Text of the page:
At the center of all the noise were core questions about the play: what sort of relationship does Lear have with each of his daughters? What sort of relationship do they have with each other? Or Gloucester with Edmund? Lear with Kent? France with Burgundy? All but two of the major characters appear in this scene (only Edgar and the Fool are absent), and all of the major characters who appear in the scene have dialogue that goes directly to the heart of their central conflicts. Though we have to cut it down, the play truly wastes no time in revealing the main characters to us, although all of them except Lear himself need to do a lot of that revealing in nonverbal ways (An always astute ensemble member asked, how do Regan and Goneril respond to the surprise of each being given an extra quarter of the kingdom? How do Cornwall and Albany? They have few lines—Albany has no lines spoken alone—but they are onstage for almost the entirety of the scene, and much can be understood from their reactions). The man playing Edmund wondered what he was supposed to do—why he was even present, then decided that Edmund would be bored by the whole thing until Cordelia unleashes chaos.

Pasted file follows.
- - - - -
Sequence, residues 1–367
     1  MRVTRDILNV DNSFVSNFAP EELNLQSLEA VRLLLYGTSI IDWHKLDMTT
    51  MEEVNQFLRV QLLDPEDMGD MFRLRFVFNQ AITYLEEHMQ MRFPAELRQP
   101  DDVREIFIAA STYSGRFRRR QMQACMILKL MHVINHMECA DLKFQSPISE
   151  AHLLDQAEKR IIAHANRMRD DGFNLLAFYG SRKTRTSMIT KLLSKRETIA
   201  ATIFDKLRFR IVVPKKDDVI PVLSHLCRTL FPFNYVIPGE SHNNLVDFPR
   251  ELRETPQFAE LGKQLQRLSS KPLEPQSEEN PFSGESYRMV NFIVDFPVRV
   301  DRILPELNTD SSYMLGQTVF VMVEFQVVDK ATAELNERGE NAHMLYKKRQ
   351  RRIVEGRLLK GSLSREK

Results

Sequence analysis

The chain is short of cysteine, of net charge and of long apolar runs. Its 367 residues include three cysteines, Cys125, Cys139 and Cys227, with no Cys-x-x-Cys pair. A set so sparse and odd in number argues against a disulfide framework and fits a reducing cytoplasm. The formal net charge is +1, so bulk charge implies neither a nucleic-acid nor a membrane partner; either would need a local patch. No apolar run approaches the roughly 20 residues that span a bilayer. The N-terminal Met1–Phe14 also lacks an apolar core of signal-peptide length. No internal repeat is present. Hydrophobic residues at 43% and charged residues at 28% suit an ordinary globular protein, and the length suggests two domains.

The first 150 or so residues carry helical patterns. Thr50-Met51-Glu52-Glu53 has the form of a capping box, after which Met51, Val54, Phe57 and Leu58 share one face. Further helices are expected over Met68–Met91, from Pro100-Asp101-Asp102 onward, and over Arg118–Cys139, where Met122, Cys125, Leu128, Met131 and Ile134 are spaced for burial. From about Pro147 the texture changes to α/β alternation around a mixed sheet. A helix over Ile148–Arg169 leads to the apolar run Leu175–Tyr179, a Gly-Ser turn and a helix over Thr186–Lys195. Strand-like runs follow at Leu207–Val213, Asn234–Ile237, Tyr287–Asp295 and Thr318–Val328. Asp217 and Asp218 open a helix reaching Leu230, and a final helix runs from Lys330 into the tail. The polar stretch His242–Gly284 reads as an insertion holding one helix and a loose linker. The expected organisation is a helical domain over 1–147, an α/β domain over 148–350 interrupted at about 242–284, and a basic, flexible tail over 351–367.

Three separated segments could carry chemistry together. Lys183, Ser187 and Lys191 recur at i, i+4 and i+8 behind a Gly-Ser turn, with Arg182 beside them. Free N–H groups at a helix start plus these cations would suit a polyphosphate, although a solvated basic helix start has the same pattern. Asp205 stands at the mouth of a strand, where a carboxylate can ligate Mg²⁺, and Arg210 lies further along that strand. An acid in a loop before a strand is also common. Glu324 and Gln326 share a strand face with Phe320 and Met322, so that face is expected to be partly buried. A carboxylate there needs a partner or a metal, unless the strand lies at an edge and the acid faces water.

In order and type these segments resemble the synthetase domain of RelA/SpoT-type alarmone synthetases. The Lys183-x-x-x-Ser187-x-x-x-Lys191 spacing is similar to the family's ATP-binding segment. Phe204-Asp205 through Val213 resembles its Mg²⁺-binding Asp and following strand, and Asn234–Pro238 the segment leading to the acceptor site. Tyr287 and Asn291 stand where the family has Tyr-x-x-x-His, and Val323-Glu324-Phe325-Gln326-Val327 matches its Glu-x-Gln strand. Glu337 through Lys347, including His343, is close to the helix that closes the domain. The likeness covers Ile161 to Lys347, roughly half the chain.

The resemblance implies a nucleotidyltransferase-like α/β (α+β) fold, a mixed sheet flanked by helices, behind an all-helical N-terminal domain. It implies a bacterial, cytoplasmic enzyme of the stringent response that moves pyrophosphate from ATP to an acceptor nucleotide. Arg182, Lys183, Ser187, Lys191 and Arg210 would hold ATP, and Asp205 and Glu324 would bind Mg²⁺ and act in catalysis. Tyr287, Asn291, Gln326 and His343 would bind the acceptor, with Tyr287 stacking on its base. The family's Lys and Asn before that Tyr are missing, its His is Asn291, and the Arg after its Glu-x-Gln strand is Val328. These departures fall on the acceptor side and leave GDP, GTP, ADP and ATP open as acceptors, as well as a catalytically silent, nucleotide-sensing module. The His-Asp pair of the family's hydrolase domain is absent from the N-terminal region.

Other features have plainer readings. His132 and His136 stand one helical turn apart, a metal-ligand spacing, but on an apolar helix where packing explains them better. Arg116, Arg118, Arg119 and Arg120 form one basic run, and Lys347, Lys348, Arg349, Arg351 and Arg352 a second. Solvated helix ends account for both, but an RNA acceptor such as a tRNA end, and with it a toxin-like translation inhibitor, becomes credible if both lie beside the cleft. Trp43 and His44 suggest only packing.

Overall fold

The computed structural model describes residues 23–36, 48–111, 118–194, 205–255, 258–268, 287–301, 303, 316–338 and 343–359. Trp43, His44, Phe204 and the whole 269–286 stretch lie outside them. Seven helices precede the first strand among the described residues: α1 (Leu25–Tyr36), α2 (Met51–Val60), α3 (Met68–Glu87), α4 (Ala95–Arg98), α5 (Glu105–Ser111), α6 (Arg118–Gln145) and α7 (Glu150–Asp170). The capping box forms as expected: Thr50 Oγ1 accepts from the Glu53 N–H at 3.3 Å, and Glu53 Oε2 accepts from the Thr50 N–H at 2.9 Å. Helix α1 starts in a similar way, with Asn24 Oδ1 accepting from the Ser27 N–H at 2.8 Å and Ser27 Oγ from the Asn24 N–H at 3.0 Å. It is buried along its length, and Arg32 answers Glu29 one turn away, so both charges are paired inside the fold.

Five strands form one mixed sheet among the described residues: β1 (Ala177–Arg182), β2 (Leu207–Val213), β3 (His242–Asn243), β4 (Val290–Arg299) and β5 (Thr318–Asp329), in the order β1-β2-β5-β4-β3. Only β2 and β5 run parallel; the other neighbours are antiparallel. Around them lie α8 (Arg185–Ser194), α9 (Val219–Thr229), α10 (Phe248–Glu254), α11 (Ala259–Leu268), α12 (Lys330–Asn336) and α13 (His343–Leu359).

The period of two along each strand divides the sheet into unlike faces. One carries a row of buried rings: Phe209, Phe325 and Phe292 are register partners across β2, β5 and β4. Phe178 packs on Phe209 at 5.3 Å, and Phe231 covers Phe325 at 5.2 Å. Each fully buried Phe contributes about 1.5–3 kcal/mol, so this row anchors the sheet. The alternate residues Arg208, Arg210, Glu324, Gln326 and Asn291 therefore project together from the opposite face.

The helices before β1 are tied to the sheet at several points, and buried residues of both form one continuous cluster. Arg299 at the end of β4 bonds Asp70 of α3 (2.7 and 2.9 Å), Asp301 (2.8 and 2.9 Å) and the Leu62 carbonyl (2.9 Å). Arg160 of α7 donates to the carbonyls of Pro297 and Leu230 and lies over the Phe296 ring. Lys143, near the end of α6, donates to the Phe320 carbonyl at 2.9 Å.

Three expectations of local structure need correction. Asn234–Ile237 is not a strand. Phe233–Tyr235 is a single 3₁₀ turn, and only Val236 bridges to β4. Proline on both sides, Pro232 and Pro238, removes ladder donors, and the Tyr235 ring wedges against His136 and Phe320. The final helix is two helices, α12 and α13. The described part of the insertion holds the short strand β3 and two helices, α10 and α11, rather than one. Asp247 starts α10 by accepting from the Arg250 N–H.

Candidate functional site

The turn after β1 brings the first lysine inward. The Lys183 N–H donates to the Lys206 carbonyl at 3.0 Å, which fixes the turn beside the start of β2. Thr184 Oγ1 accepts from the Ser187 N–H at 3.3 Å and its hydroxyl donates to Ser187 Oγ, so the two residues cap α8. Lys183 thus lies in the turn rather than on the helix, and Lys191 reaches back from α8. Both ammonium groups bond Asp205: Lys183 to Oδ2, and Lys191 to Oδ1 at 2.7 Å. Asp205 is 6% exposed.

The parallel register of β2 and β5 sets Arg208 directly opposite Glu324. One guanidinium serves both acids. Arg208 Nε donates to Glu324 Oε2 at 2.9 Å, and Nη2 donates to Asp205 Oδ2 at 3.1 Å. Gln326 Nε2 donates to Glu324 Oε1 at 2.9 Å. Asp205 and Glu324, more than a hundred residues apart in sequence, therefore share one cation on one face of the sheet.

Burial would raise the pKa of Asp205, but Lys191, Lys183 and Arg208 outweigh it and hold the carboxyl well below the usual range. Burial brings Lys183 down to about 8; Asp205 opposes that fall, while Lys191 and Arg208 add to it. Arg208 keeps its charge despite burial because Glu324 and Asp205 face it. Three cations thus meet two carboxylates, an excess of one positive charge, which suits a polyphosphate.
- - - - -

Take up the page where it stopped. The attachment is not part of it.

A second run-through went much more smoothly, though there is still plenty to work on. This scene presents many challenges, but it was helpful to walk through something big and long and messy after several months of sitting and talking or doing monologues. The theatrical process is often messy, and SIP often even more so, but that is part of the challenge and the wonder of it. It is all well and good to read through a big, complicated scene and muse about its language, but that language wants to live and breathe on a stage—or a small space cleared behind the pews in a prison chapel—and we are finally ready to let it.



Friday / October 5

Written by Coffey

“There’s a lot to be said for scenes with a lot of anger and intensity; there are ebbs and flows to it…It’s like a tide.”